Two of my guilty pleasures are a good detective story and biographies. Pinkerton's Great Detective delivers bo...morethis reviews goes live on the blog11/18
Two of my guilty pleasures are a good detective story and biographies. Pinkerton's Great Detective delivers both in one tidy package, proving once again that sometimes the truth really is stranger than fiction.
James McParland, renowned sleuth, had such a mastery over his secrets that his own birthday is not known. Early on in the book Riffenburgh addresses this by admitting that for a biography, there might be more than a few inaccuracies. Because of this, Pinkerton's Great Detective winds up being less about that great detective, and more about Pinkerton, his agency, Charlie Siringo (a fascinating man in his own right!), and the cases McParland investigated: the Molly Maguires, Butch Cassidy and the Wild Bunch. Even Sir Arthur Conan Doyle makes an appearance.
Pinkerton's Great Detective begins in Ireland where McParland was born and raised along with eleven siblings. While McParland was still a baby the Great Famine struck, devastating Ireland's potato crops and leaving millions of people starving - if not dead. When he was still young, McParland left his home for America, a land not exactly warm and welcoming to the Irish at that time. The Civil War left entire cities ravaged, yet James was still determined to strike a new life - literally.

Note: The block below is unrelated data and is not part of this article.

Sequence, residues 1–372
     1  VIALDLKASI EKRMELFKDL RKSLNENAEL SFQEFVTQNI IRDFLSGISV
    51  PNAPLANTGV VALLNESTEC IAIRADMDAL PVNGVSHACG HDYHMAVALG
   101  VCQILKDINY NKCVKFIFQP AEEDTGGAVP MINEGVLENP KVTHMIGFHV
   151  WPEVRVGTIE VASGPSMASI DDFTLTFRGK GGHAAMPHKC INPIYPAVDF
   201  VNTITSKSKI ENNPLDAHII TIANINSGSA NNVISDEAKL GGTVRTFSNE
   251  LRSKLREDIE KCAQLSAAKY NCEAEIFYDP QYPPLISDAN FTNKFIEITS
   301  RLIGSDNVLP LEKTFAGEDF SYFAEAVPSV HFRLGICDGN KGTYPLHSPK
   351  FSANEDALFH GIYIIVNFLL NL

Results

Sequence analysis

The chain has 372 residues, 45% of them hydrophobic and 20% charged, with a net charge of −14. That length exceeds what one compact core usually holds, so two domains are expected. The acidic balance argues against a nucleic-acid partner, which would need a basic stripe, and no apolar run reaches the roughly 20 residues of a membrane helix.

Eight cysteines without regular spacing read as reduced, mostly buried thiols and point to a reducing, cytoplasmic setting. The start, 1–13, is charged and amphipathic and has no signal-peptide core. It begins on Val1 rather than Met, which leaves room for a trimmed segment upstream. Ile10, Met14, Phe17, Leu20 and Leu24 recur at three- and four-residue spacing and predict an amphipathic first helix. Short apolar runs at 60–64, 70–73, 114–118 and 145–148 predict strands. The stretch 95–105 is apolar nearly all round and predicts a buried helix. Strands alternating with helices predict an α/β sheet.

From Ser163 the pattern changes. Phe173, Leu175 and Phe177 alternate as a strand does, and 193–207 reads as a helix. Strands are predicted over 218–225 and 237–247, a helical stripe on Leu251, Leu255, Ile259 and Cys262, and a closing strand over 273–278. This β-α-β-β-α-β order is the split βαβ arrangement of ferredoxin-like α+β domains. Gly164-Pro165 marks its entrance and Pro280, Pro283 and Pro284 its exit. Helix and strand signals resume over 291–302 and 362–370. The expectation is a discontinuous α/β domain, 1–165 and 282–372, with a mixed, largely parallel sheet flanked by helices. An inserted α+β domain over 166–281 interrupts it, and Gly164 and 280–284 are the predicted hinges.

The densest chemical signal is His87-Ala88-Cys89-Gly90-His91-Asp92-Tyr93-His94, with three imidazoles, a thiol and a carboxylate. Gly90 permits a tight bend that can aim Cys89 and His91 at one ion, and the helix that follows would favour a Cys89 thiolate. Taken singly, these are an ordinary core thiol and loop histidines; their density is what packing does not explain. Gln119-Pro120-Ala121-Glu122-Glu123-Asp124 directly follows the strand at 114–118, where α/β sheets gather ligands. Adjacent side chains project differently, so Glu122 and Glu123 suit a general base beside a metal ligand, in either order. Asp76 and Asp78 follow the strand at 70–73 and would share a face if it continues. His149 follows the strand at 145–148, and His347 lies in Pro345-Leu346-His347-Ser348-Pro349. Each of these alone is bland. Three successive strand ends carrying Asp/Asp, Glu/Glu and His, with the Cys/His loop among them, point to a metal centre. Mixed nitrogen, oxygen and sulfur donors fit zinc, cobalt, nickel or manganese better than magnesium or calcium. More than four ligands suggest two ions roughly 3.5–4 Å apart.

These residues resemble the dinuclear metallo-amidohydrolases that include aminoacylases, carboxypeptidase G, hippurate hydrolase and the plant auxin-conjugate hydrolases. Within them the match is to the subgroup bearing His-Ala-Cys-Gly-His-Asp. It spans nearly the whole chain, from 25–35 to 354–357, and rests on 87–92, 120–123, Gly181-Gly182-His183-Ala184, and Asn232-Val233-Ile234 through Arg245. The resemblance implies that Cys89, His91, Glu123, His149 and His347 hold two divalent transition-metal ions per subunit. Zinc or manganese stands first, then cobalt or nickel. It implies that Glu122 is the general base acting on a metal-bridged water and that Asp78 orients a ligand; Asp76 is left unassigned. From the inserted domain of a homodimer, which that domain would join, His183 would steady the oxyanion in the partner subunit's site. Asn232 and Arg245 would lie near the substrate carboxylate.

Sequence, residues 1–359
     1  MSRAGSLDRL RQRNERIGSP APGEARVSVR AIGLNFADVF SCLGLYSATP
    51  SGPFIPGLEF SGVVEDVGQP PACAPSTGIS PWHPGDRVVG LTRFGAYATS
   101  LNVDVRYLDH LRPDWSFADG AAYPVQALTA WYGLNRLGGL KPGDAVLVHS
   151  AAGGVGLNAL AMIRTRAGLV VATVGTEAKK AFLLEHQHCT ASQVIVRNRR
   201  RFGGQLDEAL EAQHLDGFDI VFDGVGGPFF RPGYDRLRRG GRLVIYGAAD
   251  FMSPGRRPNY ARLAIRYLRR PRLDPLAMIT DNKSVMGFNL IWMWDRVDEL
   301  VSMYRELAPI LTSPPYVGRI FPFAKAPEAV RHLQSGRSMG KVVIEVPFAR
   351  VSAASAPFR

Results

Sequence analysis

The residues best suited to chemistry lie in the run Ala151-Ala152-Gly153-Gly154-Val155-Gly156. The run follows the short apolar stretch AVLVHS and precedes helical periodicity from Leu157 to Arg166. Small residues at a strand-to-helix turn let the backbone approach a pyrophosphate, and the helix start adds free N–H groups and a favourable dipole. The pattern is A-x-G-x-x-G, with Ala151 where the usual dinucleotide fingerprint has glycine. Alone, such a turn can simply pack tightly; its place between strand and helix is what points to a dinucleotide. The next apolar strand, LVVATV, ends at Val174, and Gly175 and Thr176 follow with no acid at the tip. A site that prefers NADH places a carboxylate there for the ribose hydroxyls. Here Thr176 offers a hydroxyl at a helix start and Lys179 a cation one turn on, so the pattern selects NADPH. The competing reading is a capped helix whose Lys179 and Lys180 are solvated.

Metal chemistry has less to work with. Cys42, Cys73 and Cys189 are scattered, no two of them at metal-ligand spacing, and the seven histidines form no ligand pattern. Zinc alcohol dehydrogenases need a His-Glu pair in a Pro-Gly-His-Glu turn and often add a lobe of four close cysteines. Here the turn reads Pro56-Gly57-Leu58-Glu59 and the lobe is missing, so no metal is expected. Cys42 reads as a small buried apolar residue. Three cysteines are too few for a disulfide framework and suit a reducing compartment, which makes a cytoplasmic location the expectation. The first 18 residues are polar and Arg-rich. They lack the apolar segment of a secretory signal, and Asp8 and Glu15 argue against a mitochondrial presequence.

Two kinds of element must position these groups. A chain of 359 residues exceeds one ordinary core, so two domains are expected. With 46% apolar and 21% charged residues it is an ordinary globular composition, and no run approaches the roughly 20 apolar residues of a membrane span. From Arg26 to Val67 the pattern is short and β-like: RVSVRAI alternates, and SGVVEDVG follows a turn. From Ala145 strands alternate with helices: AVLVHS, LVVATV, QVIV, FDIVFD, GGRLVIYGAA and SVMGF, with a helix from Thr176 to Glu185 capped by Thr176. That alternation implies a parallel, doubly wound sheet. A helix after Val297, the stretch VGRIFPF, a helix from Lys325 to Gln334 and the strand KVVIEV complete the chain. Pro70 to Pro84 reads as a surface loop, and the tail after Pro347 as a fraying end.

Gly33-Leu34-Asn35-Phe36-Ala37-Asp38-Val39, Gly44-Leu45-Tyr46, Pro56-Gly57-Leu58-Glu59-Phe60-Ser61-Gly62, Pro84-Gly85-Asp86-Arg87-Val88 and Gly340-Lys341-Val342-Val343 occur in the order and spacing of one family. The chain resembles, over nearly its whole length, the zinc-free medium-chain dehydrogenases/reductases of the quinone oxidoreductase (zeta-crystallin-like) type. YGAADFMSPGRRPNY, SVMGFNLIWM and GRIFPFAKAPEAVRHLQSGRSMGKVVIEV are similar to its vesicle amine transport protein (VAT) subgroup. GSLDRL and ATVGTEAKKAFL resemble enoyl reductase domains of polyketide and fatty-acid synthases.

In his undercover work in the Molly Maguire case, James adopted the name Jim McKenna and constructed an entirely new identity. He lived and breathed McKenna, going so far as to invent false arrest records. This was the case that made his career and Riffenburgh clearly did his research: a sizeable portion of the novel is devoted to the Molly Maguires - or MMs as McParland referred to the gang - and rightfully so. McParland's time spent in the Old West is also covered in remarkable detail.
Readers hesitant to try non-fiction need not worry: although Pinkerton's Great Detective is painstakingly researched, Riffenburgh doesn't lose focus of the story. The book isn't bogged down with technical jargon or unnecessary details. While the ambiguity and inaccuracy does detract from the story at times the book remains action-packed and entertaining. After all, how could a story about a spy be boring?
Pinkerton's Great Detective will easily appeal to fans of a wide range of subjects: history, the Old West, detectives and true crime. Are you a reader new to or curious about non-fiction? Pinkerton's Great Detective is a wonderful starting point with its easy-to-follow narrative (Erik Larson's books come to mind) and intriguing characters.(less)
Cracked is a novel that came out of nowhere and took me by surprise. Initially I wasn't expecting more than a run-of-the-mill YA Paranormal. By the end of the first chapter, however, I was completely hooked!
Meda isn't quite sure what she is, but she knows it isn't good. See, Meda eats souls. And she likes it. Meda's mother always knew Meda wasn't like the other children - public schooling (or any schooling, for that matter) couldn't handle Meda and her tendency for violent outbreaks. Her mother's gruesome death has left Meda to fend for herself and Meda is more than capable of doing so.